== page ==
Planning the last 1,000 feet of fiber deployments can resemble a logic puzzle. How do you get a connection from the main network to the premises in a cost-effective way, taking the minimal time, while still protecting fiber, and without disrupting the local environment?
Multiply this by the number of premises in a FTTx rollout and you can easily see how costs and time snowball, making it a complex exercise to plan and implement. This is why the last mile is normally the most expensive and time consuming part of any overall fiber rollout. Cables and ducts have to be strong, flexible, lightweight, and simple to implement if costs and time are to be kept down.
Meeting the challenges
The environment is normally the biggest factor when deploying FTTP solutions, with topology, soil type and existing buildings and roads all impacting how easy it is to deploy to business and consumer premises. Overcoming these obstacles is vital to cost-effectively turning plans into reality.
A recent example shows the last mile complexity of fiber to the premises deployments. A rural operator was looking to deploy fiber to its subscribers, including providing service to a new customer, who had moved out of the city and wanted to run his business from his new home, sharing large image and video files as part of his job as a forensic auditor.
The challenge was to build the last 1,000 foot section through a path that ran from the customer premises underneath natural vegetation, stonewalls and landscaping without disturbing the area, finishing at a wireless tower 900 feet below.
The first 250 feet of the route was covered in ancient vegetation that could not be disturbed - if you did you would simply never be able to restore it properly. Add in that the route incorporated an 80 foot grade change and seven 90° bends from beginning to end, four of which were in the same seven foot length.
Solving the puzzle
The only solution was to bore under the vegetation, rock walls, stone driveways and streams, leaving an opening for the outer duct, which had to be tough enough to withstand the local environmental conditions and protect fiber cable, yet small enough to fit in a confined space.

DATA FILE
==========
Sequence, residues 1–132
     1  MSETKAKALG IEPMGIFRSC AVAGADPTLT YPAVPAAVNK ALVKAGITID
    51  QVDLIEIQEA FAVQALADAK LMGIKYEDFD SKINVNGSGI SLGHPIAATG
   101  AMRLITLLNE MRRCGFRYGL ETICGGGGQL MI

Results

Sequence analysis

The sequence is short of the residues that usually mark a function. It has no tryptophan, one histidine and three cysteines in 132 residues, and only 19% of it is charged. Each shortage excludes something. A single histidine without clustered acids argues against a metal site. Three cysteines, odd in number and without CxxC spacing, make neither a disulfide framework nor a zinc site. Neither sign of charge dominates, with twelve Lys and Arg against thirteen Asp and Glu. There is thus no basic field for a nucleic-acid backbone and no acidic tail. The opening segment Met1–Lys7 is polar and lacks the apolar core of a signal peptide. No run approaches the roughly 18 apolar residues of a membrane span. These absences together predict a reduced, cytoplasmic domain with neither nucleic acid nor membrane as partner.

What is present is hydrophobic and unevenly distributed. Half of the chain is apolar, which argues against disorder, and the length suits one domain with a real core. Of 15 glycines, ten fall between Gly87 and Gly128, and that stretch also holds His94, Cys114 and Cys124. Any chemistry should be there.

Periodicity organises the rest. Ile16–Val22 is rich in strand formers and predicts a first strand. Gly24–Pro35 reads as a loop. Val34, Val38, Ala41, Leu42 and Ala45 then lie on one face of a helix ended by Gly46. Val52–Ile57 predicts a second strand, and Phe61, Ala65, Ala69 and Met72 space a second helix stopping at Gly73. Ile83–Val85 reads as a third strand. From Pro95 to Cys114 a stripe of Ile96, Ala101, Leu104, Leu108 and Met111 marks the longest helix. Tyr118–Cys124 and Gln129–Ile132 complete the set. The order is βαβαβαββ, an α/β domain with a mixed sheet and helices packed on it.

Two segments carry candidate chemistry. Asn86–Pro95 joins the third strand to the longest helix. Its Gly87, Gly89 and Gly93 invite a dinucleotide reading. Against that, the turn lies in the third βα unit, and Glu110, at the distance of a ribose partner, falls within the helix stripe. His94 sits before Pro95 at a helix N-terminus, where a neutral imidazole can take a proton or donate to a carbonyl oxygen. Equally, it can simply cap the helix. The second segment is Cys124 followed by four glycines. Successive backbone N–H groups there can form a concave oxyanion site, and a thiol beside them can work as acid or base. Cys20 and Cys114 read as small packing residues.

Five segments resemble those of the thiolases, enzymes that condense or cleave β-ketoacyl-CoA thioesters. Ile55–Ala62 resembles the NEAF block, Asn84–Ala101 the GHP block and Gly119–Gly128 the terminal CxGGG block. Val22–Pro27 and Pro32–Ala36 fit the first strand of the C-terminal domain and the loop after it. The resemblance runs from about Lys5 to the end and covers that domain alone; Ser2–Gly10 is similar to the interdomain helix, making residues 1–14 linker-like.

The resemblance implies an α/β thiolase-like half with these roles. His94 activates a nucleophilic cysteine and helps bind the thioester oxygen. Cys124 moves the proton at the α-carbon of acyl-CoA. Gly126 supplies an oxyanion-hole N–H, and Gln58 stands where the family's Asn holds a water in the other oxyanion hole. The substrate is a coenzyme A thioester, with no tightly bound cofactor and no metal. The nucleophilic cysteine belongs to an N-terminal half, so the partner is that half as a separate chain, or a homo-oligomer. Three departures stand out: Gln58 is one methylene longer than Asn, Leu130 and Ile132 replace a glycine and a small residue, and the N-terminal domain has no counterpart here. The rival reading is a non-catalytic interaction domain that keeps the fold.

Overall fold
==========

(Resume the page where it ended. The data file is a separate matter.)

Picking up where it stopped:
As part of the wider fiber deployment the operating company chose m2fx and we worked with the contractor to install our duct and cable in three ways:
Deploying the duct in the bore under the first 250 feet of obstacles, without disturbing the surface.
Using a vibrating plow to make a small cut in the ground where the remaining duct was placed 16 inches deep. This method meant the first rains would simply remove any physical signs of the installation. Total time for duct deployment was under 15 minutes.
Pre-connectorized cable was then initially pushed in for the first 250 feet, and then assisted with air. This made it easier to travel around the 90° bends without problems. Average installation time for cable was 165 feet per minute, with the whole 900 feet run completed in 8 minutes.
Altogether the whole process took less than three hours – lucky, as tornadoes and thunderstorms were on their way, which would have introduced further complexity!
In many ways every fiber installation is the same – you need to get a cable from A to B quickly and efficiently, with the minimum of disruption. But as the example above shows, every job needs to be planned differently and the installation techniques tailored to the individual circumstances. Solving the puzzle requires experience, good partners, access to a wide toolkit of technologies and often a little lateral thinking if you are to bring the benefits of fiber to new subscribers around the world.